Bolaman Castle is located on the scenic highway between the City of Fatsa and the City of Perşembe in the little town of Bolaman. It sits on the rock at a pointed peninsula overlooking the sea. Its construction date is unknown. However, it is believed that the castle was built by the Kingdom of Pontus as a fortress to serve the purpose of a watchtower.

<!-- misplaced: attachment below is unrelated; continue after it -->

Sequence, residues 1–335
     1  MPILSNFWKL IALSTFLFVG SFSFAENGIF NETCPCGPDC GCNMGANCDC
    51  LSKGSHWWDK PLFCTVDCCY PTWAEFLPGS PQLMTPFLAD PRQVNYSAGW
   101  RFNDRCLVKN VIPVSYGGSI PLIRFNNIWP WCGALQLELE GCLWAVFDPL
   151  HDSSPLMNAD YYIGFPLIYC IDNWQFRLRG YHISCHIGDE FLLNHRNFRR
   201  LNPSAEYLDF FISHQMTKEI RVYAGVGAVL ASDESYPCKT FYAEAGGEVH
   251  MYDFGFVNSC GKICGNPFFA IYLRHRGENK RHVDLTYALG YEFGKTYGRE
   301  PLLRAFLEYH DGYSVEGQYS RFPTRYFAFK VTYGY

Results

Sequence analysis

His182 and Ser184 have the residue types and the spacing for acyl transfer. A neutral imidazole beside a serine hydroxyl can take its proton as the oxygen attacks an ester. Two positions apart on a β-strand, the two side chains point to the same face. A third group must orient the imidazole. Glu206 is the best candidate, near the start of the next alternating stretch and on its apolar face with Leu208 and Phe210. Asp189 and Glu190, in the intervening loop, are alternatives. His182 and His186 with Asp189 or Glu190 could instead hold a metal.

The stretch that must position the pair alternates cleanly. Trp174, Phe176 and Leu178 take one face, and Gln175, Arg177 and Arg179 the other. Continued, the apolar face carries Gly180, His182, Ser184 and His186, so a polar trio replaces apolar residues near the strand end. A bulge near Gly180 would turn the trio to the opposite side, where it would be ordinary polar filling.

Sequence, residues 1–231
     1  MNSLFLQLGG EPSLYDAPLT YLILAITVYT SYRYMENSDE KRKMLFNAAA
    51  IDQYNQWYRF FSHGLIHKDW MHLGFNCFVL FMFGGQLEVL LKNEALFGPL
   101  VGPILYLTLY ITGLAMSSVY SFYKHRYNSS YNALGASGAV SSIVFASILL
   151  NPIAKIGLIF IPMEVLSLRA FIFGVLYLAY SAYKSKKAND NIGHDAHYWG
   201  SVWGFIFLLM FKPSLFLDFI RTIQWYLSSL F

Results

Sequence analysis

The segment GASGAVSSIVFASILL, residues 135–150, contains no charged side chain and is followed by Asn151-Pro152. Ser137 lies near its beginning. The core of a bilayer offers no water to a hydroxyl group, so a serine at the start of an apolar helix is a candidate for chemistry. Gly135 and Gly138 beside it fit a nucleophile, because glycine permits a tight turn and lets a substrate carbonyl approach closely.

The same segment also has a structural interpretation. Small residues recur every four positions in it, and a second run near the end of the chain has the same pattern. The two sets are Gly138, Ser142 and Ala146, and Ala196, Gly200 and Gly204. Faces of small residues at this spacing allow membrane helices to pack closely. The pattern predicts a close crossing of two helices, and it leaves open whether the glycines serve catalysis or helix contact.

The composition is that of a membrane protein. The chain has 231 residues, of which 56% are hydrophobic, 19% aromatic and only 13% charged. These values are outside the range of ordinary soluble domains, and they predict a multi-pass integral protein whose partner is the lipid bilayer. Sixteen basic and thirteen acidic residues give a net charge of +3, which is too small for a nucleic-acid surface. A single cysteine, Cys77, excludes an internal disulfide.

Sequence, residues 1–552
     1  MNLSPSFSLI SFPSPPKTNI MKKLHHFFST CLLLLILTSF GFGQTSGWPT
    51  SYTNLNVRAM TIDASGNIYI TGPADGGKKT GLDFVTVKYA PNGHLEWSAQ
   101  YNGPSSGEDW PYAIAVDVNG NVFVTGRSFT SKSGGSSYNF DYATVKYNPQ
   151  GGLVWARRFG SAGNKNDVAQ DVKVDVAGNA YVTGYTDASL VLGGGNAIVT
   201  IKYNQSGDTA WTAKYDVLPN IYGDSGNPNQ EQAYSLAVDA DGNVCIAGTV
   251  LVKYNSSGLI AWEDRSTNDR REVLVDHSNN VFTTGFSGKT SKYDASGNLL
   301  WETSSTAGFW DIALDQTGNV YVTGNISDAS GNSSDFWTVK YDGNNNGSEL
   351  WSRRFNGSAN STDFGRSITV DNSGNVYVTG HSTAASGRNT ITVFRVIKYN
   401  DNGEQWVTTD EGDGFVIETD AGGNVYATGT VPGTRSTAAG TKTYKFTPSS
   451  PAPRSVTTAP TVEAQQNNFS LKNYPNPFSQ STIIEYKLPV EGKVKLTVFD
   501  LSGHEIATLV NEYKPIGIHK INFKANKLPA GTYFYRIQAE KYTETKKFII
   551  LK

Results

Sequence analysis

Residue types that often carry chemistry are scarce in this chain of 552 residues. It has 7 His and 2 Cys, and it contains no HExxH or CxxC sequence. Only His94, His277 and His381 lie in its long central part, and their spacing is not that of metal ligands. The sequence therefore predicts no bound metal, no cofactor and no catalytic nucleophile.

The castle consist of inner and the outer walls made of ashlar. There are watchowers on the outer walls around the courtyard. Inside the castle, there is a chapel in the form of a basilica. In the 18th century, a wooden mansion with two huge bay windows at two ends was built by a native family on the inner castle. Known as the “Kademoğlu Mansion”, this typical Ottoman architectural house is a landmark of Fatsa. After its originally restoration by the Ministry of Culture and Tourism in 2009, the mansion is used as an ethnographic museum and a restaurant for regional cuisine under the name “Haznedaroğlu Mansion”.